It is interesting to see government and superannuation funds arriving from such undemocratic and often authoritarian states in order to prop up the pillars of US capitalism. Who knows where this will lead?

Briefcase believes these actions provide further evidence for a decline of the American empire. In the longer term, the US financial system must be severely weakened by its recent lack of discipline and self-regulation. Briefcase suspects that some level of control will pass to new shareholders, representing petro-dollars and Asian wealth, which will change the landscape of global finance in as-yet-unknown ways.


Arc Energy has recently found it very hard to kick a goal. Drilling problems at its third Canning Basin well left the 100 per cent owned Valhalla well untested and in need of a side track, while highly permeable rocks at the deeper Nullara Limestone Formation, intersected at its Stokes Bay well, could not be tested. Gear problems and the encroaching wet season weather have compounded problems.

Meanwhile, fire at its 33 per cent owned Beharra Springs gas project in the Perth Basin, dropped out about 23 terajoules per day of gas production, just as hot weather lifted gas prices to peak levels, where the Origin Energy operated Beharra Springs had just doubled output as a result of bringing on-stream a new well. Luckily for Arc, gas sales contracts were not so tight that it could not declare unexpected circumstances and the company hopes to recommence gas sales by early February, once Origin gets its act together.

Briefcase estimates that Arc Energy is now trading with a market capitalisation of just 2.4 times its pre-tax, operating cash flow, making it one of the cheapest oil and gas companies on the market. I have long felt that the company has a risk adjusted target value of about $2.20 per share, but merger negotiations between Arc and Anzon Australia have clouded the picture, potentially offering an opportunity.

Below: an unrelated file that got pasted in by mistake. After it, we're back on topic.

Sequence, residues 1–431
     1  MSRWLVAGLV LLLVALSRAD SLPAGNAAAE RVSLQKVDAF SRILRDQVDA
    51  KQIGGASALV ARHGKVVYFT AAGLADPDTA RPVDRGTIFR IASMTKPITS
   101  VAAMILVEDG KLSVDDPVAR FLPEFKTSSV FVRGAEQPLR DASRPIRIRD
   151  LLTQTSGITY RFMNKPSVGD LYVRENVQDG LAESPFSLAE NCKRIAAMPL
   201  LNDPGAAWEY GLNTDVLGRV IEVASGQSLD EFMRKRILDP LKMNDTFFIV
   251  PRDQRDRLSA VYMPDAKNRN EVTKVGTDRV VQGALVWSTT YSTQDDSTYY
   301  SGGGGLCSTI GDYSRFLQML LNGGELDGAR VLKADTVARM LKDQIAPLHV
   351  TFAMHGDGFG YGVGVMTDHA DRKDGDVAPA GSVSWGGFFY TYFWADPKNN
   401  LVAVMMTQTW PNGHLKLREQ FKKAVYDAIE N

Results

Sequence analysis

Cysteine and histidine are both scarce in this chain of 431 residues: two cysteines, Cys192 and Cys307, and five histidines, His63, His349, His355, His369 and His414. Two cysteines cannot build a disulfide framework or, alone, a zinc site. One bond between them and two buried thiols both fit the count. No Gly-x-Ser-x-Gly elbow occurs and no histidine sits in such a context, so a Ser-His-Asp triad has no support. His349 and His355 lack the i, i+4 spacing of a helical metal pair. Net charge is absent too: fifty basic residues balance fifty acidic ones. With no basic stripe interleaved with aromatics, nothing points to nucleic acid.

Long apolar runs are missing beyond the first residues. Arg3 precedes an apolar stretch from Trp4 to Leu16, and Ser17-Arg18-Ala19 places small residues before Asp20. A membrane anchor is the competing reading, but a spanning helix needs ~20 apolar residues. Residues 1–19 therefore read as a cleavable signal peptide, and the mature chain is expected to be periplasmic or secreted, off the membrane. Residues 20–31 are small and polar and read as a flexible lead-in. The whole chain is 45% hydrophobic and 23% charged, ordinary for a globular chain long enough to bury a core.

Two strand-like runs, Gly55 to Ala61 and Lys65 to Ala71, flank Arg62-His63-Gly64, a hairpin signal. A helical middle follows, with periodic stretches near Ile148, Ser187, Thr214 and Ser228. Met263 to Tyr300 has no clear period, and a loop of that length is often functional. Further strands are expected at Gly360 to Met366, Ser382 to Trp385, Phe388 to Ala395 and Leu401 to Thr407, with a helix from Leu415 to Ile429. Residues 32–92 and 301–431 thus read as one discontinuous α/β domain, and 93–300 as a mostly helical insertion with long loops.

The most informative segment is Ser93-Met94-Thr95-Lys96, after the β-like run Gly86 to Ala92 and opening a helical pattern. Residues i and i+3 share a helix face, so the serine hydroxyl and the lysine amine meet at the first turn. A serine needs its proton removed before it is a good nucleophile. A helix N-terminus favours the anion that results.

By comparison, Woodside trades with a market capitalisation of about 8.2 times its current, estimated pre-tax operating cash flow.


Local speculative exploration company, Venture Minerals, has transformed itself into a focused iron ore exploration and development company, working in a highly prospective region of NW Tasmania.

The company is fast tracking a program of drilling and metallurgical studies, aimed at outlining between 15 million tonnes and 20mt of magnetite mineralisation, suitable for open-pit mining.

Briefcase believes Venture Minerals can become a serious contender in the iron ore game, leveraging off available local infrastructure. Definition of an ore position by mid 2008 would lift Venture Minerals’ profile and could attract attention from a neighbouring magnetite ore mining operation at Savage River.

Metallurgical tests on the Mt Lindsay mineralisation indicate an excellent response to conventional processing, with high recoveries of iron to concentrate.

Results from drilling activity at Mt Lindsay, involving up to four drilling rigs, will enable Venture Minerals to fast track feasibility work during H1 2008, adding value for shareholders.

While Mt Lindsay is at a very early stage of appraisal, Briefcase estimates that outlining just 25mt of magnetite ore could be worth more than $150 million on net present value basis, comparing favourably with Venture’s current market capitalisation of $20 million.

Meanwhile, China is not going to go away and global markets for iron ore remain extremely strong, prompting customers to seek out new sources of supply in relatively stable political environments.

• Peter Strachan is the author of subscription-based analyst brief StockAnalysis, further information can be found at Stockanalysis.com.au